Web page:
Saturdays too far away

As a kid there were more Saturday matinées than even the combined efforts of Peter Sellers, Danny Kaye and John Wayne could fill. That didn’t stop me from hoarding or begging the price of a train ticket, a packet of Jaffas* and a ticket to the movies for the Saturday matinée.

Rififi posterSometimes what followed the cartoons and Johnny Weissmuller cliff-hangers was not the stuff of comedy fantasy or cowboy heroes. Sometimes it was a movie of an entirely different genre. These were movies made in shadows; not soft shadows as between seasons, but shadows of fate and doom or the black glint of a death-threatening revolver. They were full of men and women, good and bad, doomed by their needs, flaws and frailties – or those of others.

Of course I had never heard of such a word as “genre” then but, in my youthful innocence, I classified these as “dark films”. As much as these movies frightened me they gripped me too. I had yet to encounter Shakespeare or Sophocles and so film noir became my introduction to theatrical tragedy.

I mention this because I recently watched again after perhaps 20 years one of the icons of my “dark films”.

Rififi (Du Rififi Chez Les Hommes) is a séminal work; a seed, and sometimes an outright template, for following films noir and for heist and caper movies to the present day – be they films couleur regardless. Overblown latecomers such as Mission: Impossible and its type have never approached the breath-suspending sour-sweat tension and ultimate sadness of this original.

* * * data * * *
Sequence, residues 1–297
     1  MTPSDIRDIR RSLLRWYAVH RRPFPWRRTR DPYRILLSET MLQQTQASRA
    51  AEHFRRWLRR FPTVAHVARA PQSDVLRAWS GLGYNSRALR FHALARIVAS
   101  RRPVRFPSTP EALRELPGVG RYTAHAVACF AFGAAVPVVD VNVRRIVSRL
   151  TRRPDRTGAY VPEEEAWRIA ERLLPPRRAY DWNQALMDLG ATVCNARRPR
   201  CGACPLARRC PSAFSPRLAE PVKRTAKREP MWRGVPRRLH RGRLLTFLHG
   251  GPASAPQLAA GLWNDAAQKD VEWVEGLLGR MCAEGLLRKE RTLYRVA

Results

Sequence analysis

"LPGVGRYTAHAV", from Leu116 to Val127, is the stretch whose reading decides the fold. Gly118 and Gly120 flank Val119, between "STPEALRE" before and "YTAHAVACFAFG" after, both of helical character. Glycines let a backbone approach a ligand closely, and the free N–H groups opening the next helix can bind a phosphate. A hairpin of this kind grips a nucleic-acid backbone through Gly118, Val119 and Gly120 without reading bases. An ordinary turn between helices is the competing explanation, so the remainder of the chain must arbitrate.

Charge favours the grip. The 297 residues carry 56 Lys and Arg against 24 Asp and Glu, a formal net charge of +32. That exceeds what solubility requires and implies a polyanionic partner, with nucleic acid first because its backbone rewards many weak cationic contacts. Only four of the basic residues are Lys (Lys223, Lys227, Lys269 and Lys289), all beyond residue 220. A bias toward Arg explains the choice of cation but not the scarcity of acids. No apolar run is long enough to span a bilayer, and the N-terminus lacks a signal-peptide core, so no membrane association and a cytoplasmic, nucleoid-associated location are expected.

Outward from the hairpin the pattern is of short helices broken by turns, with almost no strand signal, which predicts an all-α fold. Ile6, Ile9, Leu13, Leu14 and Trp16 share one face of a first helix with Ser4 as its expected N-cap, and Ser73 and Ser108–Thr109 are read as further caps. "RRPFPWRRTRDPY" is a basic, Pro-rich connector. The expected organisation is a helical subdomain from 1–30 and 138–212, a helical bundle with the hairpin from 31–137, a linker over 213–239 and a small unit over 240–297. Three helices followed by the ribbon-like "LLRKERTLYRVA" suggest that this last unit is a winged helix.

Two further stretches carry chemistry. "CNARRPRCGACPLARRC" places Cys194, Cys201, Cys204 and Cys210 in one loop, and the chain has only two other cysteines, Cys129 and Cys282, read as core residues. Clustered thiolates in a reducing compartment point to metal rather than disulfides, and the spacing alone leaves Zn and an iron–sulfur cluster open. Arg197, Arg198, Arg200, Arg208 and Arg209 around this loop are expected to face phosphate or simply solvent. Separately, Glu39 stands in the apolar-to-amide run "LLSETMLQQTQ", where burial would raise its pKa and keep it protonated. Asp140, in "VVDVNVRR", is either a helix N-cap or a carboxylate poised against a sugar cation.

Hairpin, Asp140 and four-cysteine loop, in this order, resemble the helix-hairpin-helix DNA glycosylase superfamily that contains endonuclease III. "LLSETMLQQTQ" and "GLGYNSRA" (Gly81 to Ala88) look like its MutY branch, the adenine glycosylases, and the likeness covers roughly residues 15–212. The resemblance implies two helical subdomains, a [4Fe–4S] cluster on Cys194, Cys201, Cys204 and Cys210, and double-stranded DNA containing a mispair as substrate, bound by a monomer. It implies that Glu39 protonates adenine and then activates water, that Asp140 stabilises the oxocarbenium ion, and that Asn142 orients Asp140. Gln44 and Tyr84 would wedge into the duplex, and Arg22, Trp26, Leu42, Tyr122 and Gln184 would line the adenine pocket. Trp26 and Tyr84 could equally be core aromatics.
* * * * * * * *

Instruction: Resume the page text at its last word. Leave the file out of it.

I was still young when I was promoting Stanley Kubrick’s release of Sparticus, not so long after Jules Dassin was forced out of America by the hysterical McCarthy House Un-American Activity Committee. Kubrick reportedly insisted similarly-accused Dalton Trumbo write and be recognised for the screenplay for Sparticus.

If you ever wanted to experience the rank fog of Gaulois butts and stale calvados, there is plenty here, as is a certain absolution and an exposition of a code de honoré – for some at least.


* A marble-shaped confection with a chocolate centre and an orange-flavoured candy coating beloved of Australian moviegoers.

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4 Responses to Saturdays too far away

  1. Gwen says:

    Yay, the Phoenix has arisen from the ashes. Better yet, he has broken out of the mold and is writing prose about his own human daily experiences. Well done. Keep it going Russell. You have thousands of tales that you could tell.

    What I’m curious about is how did you get from here to there?
    Or was that from there to here? From your Blog to SU pages?

    Is it snowing over there? It would be nice if you would share that. Nobody can do anything about the weather, but everybody wants to talk about it because it’s fascinating. :)

  2. Almost 2 months now. Ran out of words, Russell?

  3. Gwen says:

    How about The 39 Steps, or Les Quatre Cents Coup?
    Or any of Renais’ masterpieces? The list is a long one.

  4. Russell C says:

    I could not include any of the versions of “The Thirty-Nine (39) Steps” in the genre of film noir. It lacks all the essential element. I have written commentaries on other examples films of the style. It still works in the hands of good writers and directors, and, of course, lighting cameramen/directors of photography.

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